Perhaps the drop in circulation and viewership reflects dissatisfaction with the quality of the product. Perhaps not! A friend who is a former newspaper syndication executive and who has a particular political preference will still consume a broad spectrum of national and international news sources. She comes to her views from a studied perspective and she, like people with intelligence, holds a variety of perspectives. Conservative on some, liberal on others. Sadly most people are not so discerning.
    A good case can be made that many Americans display signs of stupidity on issues of health, fitness, diet, public safety, diversity, cultural understanding, civility, standards, manners, understanding of history, distracted driving and etc. Now, when this pool is adjusted to political participation you are bound to get manipulation, exploitation, low information voters and stupidity.  Frankly I've heard comments from sitting members of the US Congress who convince me they are what I call "mouth breathers." And isn't it stupid to vote on a piece of legislation that you have not read?
     Back when Izzy Stone was alive and publishing I.F. Stone's Weekly, American Journalists would have known and read the full legislative package and would have raised hell if members of congress had not. Sadly American journalism misses that kind of determination, drive, attention to detail, even boring detail.  
    Tons of information and data are available now, but you have to go get it. Fortunately it's at the end of your finger tips thanks to the same digital age that is robbing us of privacy. I guess it's a trade off.
     So yes Mr Gruber and Mr and Mrs America, some of you are stupid. Maybe we are all stupid in our own way-but just not the way you think we are. Eh?
      By the way, the now notorious Jonathan Gruber had a 
previous client before he worked on Obamacare.  He 
performed the same role for Massachusetts. There its been called Romneycare.

    I understand why Rosewater is collecting so much acclaim. The story is important and compelling and Stewart has done a superb job of converting Maziar Bahari's book (and life changing event) into a screenplay and film. Gael Garcia Bernal is brilliant as Bahari and Kim Bodina is masterful as Rosewater, the interrogator. So much of the orbit of the film is around the interaction of these two and they deliver extraordinary performances.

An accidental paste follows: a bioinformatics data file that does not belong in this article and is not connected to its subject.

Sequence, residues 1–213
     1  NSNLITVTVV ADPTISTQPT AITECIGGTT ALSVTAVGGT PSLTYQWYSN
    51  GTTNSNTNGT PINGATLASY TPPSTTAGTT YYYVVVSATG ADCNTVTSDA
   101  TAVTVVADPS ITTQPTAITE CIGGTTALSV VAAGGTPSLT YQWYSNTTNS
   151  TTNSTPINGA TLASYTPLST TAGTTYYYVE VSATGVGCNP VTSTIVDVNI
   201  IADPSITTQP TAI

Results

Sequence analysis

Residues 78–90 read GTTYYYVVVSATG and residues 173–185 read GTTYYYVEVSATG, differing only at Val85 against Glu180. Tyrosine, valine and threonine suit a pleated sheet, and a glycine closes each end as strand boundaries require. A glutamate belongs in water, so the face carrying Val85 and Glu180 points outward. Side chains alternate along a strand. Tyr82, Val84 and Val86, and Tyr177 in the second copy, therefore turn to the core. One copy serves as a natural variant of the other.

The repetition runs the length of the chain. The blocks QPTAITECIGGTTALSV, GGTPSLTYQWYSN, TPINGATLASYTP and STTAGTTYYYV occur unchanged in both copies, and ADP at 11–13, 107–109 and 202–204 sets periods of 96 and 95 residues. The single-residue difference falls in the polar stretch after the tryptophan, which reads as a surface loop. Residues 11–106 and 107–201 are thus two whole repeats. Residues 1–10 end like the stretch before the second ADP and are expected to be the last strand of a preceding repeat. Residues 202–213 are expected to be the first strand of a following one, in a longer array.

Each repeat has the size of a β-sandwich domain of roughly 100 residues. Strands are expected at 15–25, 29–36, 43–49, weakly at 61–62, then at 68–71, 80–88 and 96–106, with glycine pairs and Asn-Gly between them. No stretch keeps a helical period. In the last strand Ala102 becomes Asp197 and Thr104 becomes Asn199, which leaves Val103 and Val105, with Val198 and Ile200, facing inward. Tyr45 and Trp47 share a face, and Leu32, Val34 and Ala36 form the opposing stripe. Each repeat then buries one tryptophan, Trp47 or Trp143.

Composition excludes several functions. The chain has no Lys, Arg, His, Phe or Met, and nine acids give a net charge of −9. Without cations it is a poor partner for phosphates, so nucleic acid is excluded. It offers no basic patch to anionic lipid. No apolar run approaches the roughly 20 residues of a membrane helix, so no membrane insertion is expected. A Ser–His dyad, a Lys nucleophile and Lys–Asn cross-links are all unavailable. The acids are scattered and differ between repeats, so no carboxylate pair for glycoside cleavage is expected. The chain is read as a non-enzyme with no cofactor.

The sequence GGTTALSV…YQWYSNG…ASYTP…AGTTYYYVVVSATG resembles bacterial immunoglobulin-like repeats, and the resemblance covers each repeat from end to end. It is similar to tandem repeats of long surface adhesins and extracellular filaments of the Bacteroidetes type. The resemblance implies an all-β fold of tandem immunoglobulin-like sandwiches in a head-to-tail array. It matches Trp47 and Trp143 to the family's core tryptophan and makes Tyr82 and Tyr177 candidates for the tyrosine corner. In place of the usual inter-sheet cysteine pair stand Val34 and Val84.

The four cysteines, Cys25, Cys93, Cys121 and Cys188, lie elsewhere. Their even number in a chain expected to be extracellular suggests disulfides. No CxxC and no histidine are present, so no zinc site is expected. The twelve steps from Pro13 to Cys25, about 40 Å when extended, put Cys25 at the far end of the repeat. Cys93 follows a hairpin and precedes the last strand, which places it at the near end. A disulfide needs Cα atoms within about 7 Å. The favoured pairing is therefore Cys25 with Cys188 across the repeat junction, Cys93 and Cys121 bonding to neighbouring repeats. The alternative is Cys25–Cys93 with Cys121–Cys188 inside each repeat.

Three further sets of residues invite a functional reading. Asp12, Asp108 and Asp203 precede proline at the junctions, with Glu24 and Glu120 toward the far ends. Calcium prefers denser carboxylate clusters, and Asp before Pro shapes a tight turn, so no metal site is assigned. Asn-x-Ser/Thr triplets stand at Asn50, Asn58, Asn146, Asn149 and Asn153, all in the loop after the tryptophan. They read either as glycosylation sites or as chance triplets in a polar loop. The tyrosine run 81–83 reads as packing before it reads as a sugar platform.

I had some of the same feelings in seeing Rosewater that I had in seeing Costa Gavras' 1969 classic Z, that dealt with repression in Greece. Heavy handed government thuggery still exists and the challenge of journalism, even in the 21st century, sometimes is to simply endure repression by idiots and zealots.
    Jon Stewart has moved into directing with talent, finesse and great chops.  

      See you down the trail.


  1. Thank you for explaining this Gruber dust up. I keep hearing his name but hadn't focused on it yet. It's possible I'm one of those stupid Americans he was talking about.

  2. Mark Twain once remarked that when he was 16 years old, " old man was so stupid, I could hardly stand to have him around. By the time I reached 21, it was amazing how much smarter the old man had become in five years." People are not particularly stupid. They choose to be less informed. In the case of Mark Twain, who was stupid, the boy or his father?

    The American attention span is part of the problem. NBC News recently documented it to be less than :10 seconds. If congress - or whomever - writes a 1,200 page document, few have the time or inclination to read it. Those crafting legislation know this and use it to their advantage.

    Compare the length of two of the most important documents in human history - The Ten Commandments and The Bill of Rights - to any piece of Congressional legislation. Bigger is not better and certainly is far less profound.

  3. One of my correspondents and blog readers was unable to get her post entered, for some technical reason, so I publish it here.

    To quote Obama in his attempt to sell ACA to the American public..."I have stolen ideas from ...John Gruber." Pelosi referred to Gerber's "genius" on her website so why either of them are pretending he had little influence in the ACA's design is befuddling. Or is it?

    That Gruber's elitist contempt for the American public earned him millions ($400,000 from the WH and the rest from the States) is repugnant. That his eagerness to help deceive the public was exposed by an ordinary American citizen and not the press is disheartening. A responsible and unbiased press could go a long way in reducing the 'stupidity' of the American voter.